Chapter Three: The Assessment… If I Can Call It That?
That’s a bit harsh. It was an assessment, but just a really basic one? Showing Ayub flashcards and asking him what object was on it. But I suppose they have to start somewhere. Some children are non-verbal, others have a very limited vocabulary. Ayub’s delay… well, it’s only after speaking to him for some time that you realize there’s something very odd about the way he expresses himself.
One thing that threw me during the assessment was that she talked about Ayub, and asked about Ayub, and discussed things about Ayub, in front of Ayub.
Now, that just feels rude and inconsiderate right? Is that not belittling to his self-esteem? To have two adults talk about him like he’s not there? And worse, to talk about his weaknesses in such detail?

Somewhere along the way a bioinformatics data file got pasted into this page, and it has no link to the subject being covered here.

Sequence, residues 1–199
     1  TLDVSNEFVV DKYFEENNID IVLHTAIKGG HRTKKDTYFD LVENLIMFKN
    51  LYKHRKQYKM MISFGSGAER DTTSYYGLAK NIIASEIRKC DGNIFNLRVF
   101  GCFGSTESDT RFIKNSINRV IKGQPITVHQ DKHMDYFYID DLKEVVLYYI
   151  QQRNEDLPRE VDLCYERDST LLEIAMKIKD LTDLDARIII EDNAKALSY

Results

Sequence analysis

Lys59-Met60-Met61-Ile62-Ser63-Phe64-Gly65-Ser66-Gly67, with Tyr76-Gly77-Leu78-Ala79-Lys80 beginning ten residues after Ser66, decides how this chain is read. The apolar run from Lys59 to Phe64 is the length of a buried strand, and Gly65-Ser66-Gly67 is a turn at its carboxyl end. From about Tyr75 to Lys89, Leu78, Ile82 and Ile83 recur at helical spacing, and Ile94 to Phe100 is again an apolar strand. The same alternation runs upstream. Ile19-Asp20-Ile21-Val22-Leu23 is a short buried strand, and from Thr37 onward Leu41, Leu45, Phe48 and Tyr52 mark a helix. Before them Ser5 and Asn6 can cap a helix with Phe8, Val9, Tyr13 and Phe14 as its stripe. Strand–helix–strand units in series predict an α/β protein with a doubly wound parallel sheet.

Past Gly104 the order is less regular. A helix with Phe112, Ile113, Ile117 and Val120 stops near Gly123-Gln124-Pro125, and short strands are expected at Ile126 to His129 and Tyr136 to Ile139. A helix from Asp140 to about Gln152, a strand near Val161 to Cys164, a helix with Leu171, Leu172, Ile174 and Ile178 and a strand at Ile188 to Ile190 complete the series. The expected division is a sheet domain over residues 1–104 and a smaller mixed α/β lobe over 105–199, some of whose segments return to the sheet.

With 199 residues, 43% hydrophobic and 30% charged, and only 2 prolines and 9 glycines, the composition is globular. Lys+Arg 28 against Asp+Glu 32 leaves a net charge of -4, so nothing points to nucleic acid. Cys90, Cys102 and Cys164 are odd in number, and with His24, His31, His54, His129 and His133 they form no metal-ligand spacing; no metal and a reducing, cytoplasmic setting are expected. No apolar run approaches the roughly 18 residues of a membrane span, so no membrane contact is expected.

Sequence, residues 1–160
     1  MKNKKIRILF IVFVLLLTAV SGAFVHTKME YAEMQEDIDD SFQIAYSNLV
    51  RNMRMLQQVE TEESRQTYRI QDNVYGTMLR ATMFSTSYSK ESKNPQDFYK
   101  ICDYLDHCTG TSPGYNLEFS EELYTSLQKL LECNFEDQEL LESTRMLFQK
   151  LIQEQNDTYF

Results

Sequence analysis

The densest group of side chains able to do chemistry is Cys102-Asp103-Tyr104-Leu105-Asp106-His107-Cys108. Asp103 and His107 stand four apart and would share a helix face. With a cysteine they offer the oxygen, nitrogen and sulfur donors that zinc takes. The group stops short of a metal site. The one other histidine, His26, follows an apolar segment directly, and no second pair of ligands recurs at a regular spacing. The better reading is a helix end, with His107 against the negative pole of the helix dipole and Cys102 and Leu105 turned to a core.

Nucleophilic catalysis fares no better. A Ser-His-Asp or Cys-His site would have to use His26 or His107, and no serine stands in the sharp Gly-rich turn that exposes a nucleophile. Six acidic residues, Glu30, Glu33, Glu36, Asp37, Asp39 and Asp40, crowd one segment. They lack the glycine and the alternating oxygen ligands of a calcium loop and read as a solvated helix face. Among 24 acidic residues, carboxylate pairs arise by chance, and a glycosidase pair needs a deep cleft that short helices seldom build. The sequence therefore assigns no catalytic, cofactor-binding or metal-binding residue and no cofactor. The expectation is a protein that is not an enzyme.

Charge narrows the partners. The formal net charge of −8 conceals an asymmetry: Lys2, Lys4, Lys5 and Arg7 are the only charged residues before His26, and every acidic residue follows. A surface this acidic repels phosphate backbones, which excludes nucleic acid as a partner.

He may not speak well and his general comprehension of the spoken word may be lower than average, but he’s not stupid. I thought it was kinda… not cool. Distracted him with toys in the room and lowered my voice as I answered that lady.
Another thing that was a little off for me was when she asked Ayub this specific question: “Where be he?”
Where be he?
Where be he?
Where be she?
What the actual fuck?
No, she didn’t ask him that last question, that was me questioning her in my mind. But like, “where be he?” Is that not grammatically incorrect? Shouldn’t it be, “where is he?”
I mean, how do you answer “where be he?” He be in the garden. What the fuck, no? He is in the garden. Right? Right? I know English is really dumb when it comes to grammar but is this a rule I’m not aware of? Is this actual correct English? Where be he.